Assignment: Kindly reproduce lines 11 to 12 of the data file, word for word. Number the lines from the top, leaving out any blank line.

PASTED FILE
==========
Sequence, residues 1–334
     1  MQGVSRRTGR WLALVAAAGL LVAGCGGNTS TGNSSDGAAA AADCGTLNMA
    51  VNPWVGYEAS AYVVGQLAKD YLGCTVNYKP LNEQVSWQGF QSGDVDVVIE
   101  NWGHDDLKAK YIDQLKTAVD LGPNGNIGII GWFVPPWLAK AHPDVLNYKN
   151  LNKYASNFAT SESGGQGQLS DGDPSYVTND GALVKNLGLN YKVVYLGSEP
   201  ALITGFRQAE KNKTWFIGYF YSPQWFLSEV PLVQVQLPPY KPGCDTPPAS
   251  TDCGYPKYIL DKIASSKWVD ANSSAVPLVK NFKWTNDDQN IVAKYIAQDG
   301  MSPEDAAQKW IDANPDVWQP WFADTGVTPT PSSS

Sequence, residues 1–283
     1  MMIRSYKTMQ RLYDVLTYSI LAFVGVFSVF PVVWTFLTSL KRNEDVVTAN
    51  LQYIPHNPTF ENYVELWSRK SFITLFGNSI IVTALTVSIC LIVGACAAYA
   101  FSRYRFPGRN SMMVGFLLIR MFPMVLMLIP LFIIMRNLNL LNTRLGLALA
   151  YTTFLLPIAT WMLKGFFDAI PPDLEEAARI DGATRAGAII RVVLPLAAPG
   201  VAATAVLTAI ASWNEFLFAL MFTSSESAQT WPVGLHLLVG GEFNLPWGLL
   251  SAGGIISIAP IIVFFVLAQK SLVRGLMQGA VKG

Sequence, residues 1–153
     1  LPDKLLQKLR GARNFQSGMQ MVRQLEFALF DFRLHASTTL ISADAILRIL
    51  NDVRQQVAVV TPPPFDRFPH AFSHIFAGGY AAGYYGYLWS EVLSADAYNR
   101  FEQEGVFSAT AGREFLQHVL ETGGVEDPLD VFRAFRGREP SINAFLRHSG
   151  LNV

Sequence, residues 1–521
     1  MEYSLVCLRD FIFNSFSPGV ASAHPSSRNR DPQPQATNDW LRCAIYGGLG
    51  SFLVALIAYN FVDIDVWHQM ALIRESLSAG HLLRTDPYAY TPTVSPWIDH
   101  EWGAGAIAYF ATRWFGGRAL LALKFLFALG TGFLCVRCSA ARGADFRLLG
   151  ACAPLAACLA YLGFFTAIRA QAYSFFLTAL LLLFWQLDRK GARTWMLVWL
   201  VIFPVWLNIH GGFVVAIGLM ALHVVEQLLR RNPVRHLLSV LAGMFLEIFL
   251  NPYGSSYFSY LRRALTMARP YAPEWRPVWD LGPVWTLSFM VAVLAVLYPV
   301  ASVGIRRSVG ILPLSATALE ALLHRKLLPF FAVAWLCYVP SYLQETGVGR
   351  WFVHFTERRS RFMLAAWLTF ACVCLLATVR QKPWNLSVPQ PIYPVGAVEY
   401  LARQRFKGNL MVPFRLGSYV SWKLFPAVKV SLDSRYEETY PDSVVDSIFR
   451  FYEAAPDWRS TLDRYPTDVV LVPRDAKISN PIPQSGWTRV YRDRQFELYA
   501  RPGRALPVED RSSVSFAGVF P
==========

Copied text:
    51  LQYIPHNPTF ENYVELWSRK SFITLFGNSI IVTALTVSIC LIVGACAAYA
   101  FSRYRFPGRN SMMVGFLLIR MFPMVLMLIP LFIIMRNLNL LNTRLGLALA